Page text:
In a Nutshell

  • Spain’s Long-Term Climate Strategy (ELP 2050) seeks to reduce emissions by 90% (relative to 1990 emissions) by 2050, with natural carbon sinks absorbing the remainder. This target is expected to be achieved through extensive reforestation, wetland restoration and agroforestry systems.
  • Various initiatives such as the Carbon Fund FES-CO2, Spain’s National Common Agricultural Policy (CAP) Strategic Plan, the LIFE Agromitiga project, and research conducted by the Spanish National Research Council (CSIC) are in place to promote CO2 reduction, carbon sequestration and innovative carbon capture technologies.
  • Bioenergy with Carbon Capture and Storage (BECCS) deployment could become more relevant through the prominence of biogas in Spain’s longterm climate strategy. 

Role for carbon removal in national climate policy

The country’s (ELP 2050) builds upon Spain’s integrated (NECP) and extends it to 2050. It requires that emissions be reduced by 90% (relative to 1990 emissions) and that natural carbon sinks counter-balance remaining emissions to achieve net zero (at least 37 million tonnes (Mt) of CO2 per year by 2050). Measures outlined in the Strategy aim to meet the climate neutrality scenario through a reforestation rate of 20,000 hectares/year until 2050, which would increase absorption by 7 MtCO2e a year. Additionally, the strategy foresees a restoration of 50,000 hectares of wetlands, which will add another projected 1 MtCO2e per year to the sink capacity. Agroforestry systems and meadow regeneration further augment the sink capacity by 0.5 MtCO2e per year. Although not included in the calculations due to a lack of a robust methodology, the Strategy also recognises the potential of improving the organic content of soils in agroforestry systems to enhance carbon sequestration. It goes on to note the need for incentives to increase organic content of depleted agricultural soils in the country.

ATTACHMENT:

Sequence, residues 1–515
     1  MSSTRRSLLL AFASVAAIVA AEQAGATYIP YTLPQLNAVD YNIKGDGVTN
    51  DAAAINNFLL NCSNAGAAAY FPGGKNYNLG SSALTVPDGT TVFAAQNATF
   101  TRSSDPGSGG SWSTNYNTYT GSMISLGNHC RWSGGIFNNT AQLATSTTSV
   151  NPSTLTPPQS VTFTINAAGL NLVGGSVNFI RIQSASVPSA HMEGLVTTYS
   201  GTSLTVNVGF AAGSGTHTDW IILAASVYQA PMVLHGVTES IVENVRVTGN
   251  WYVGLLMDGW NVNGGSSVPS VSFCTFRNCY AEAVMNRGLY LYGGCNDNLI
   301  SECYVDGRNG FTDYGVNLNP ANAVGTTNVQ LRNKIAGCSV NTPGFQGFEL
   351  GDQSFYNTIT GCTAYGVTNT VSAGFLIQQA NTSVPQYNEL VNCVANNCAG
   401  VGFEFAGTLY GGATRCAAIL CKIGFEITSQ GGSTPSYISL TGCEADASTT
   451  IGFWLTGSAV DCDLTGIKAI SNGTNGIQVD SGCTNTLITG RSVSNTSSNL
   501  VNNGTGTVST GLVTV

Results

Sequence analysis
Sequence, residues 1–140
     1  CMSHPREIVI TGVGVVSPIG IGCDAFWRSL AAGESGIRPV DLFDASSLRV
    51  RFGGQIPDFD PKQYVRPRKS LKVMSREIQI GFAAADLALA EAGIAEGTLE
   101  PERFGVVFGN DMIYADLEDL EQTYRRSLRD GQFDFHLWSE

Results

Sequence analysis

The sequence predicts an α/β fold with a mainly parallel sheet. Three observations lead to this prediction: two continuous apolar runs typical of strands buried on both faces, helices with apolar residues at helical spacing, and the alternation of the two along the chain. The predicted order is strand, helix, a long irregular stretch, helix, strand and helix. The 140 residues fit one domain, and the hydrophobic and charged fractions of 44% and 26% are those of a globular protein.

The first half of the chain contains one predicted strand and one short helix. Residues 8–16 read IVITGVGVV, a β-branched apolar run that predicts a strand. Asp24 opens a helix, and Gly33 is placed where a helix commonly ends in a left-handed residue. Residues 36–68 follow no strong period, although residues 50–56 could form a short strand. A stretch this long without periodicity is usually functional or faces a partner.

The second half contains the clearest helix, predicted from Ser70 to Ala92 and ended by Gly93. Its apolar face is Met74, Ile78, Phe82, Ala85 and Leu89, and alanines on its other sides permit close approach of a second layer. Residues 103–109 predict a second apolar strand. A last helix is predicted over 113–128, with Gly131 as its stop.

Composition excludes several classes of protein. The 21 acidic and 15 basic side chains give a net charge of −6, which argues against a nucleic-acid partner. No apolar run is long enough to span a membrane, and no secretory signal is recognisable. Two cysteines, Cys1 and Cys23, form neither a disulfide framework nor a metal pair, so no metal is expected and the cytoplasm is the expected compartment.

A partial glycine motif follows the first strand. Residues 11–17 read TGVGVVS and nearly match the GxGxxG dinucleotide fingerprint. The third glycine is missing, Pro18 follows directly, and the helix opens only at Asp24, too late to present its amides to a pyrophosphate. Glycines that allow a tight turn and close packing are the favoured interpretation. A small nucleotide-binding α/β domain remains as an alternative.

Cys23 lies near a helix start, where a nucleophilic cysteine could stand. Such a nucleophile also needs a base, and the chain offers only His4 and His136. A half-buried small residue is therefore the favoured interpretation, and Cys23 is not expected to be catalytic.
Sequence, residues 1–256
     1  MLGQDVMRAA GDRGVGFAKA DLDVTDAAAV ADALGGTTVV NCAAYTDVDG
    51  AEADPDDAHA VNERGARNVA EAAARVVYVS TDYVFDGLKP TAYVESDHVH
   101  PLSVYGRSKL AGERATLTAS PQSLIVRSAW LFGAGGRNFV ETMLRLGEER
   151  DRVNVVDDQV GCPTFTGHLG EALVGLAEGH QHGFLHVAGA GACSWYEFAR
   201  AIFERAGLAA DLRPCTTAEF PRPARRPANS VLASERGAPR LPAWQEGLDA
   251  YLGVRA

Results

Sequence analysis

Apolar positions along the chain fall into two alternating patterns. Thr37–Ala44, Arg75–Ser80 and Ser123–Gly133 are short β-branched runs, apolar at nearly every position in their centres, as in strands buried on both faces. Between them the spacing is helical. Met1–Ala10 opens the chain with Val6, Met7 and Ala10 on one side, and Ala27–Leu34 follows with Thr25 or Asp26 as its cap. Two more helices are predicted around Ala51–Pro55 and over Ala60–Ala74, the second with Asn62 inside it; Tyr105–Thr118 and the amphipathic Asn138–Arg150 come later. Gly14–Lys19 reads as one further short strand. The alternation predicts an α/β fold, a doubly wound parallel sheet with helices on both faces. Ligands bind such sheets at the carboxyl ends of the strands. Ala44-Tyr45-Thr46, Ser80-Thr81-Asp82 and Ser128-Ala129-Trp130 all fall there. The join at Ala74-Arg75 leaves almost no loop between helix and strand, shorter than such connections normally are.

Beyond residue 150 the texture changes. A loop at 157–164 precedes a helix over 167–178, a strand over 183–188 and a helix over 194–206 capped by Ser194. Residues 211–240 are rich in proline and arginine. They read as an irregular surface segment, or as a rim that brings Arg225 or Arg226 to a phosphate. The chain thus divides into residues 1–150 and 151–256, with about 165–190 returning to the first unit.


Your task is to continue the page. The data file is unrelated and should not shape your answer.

The Strategic Projects for Economic Recovery and Transformation (PERTE) for Industrial Decarbonisation is linked to Spain’s Recovery and Resilience Plan and mentions carbon removals in the context of applying BECCS. It particularly mentions the application of biomass as a material input in the production processes of various goods. The strategy states that this process could significantly reduce net emissions by counterbalancing released CO2 emissions with those captured from the atmosphere during the growth phase of the biomass. Pairing this approach with carbon capture technologies to capture and permanently store CO2 released from biomass combustion makes a net negative emissions scenario achievable.

 

Spain’s draft updated NECP outlines plans to harness the potential for GHG removals through natural sinks. This updated NECP confirms the present Spanish strategy of balancing the remaining 10% of emissions in 2050.

Support for R&D and Innovation

The FES-CO2, also known as the Carbon Fund, is a public fund created in Spain under the framework of the Kyoto Protocol to help achieve the country’s greenhouse gas (GHG) emissions reductions targets. Managed by the Ministry for the Ecological Transition and the Demographic Challenge, the fund supports projects that help to reduce CO2 emissions in Spain. In 2021, the fund provided €30 million to projects reducing CO2 emissions.